How rising interest rates affect bond holdings

The ability to predict interest rates is, at best, speculative. To put it politely, no one is very good at it, but lately many industry experts and media pundits collectively seem to agree that there is a rise in interest rates on the horizon. [emember_protected custom_msg=”Click here and register now to read the rest of the article!”]
Investors who own fixed-income securities should be aware of the relationship between interest rates and the price of those securities. As a general rule, the price of a bond moves inversely to changes in interest rates.
To this point, it is helpful to understand a risk measurement known as duration.
Duration is more complex when evaluating multiple securities or investments that hold bonds.
Simply put, a duration of 3 means that a 1% (100 basis point) change in interest rates will result in an approximate 3% change in the market value of a bond.
With individual bonds, this price adjustment is an unrealized change in value. The lower value of the bond resulting from an interest rate increase is not realized unless you actually sell the security prior to maturity. If you hold onto the bond, the cash flows generated will remain unchanged.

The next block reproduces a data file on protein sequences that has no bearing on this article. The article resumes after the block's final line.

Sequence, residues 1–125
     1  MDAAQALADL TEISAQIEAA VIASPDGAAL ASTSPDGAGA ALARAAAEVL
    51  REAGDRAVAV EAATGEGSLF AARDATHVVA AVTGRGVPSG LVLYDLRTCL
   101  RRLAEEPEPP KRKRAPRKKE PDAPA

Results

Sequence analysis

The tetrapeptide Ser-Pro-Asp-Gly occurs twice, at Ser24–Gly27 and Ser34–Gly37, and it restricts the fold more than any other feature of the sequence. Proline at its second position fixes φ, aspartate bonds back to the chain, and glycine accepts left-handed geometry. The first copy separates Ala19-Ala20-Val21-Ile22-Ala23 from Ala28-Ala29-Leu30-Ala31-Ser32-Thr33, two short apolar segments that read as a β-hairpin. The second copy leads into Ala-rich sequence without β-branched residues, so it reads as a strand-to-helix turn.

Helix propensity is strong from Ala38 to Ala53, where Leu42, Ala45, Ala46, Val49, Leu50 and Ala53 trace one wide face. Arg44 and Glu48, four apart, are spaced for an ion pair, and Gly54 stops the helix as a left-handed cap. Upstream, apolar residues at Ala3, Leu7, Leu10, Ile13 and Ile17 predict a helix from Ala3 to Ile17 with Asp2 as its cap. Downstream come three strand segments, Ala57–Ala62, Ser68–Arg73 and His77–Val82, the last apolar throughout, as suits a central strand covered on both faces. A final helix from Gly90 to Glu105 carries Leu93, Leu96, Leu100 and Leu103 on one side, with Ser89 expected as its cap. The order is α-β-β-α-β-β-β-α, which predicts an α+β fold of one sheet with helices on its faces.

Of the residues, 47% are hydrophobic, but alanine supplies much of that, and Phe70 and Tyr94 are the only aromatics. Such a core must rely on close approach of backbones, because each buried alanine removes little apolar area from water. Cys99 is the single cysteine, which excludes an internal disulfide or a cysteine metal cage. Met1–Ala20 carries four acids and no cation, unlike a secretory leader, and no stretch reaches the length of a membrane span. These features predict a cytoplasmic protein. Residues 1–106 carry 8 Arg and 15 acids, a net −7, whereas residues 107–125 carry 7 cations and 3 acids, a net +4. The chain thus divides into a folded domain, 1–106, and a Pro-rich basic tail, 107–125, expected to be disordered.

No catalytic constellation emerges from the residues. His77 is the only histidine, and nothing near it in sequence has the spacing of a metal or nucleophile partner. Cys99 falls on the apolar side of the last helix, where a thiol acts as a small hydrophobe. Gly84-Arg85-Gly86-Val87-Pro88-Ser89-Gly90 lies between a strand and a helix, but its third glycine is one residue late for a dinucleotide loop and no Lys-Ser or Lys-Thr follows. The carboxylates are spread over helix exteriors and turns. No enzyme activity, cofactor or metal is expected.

One needs to evaluate your exposure to interest rate risk and ensure that your investment strategy remains aligned to meet your needs, risk tolerance and overall goals.
As federal and state tax rules are subject to frequent changes, you should consult with a qualified tax advisor prior to making any investment decision.
Raymond James & Associates, Inc. member New York Stock Exchange/SIPC.
BIO: Brad Dantzler is a trusted financial advisor with over 18 years of experience. He is active in his church and community, has been an active President’s Club member for six years, and is currently president of the Winter Haven Library Board as well as a Winter Haven city commissioner.

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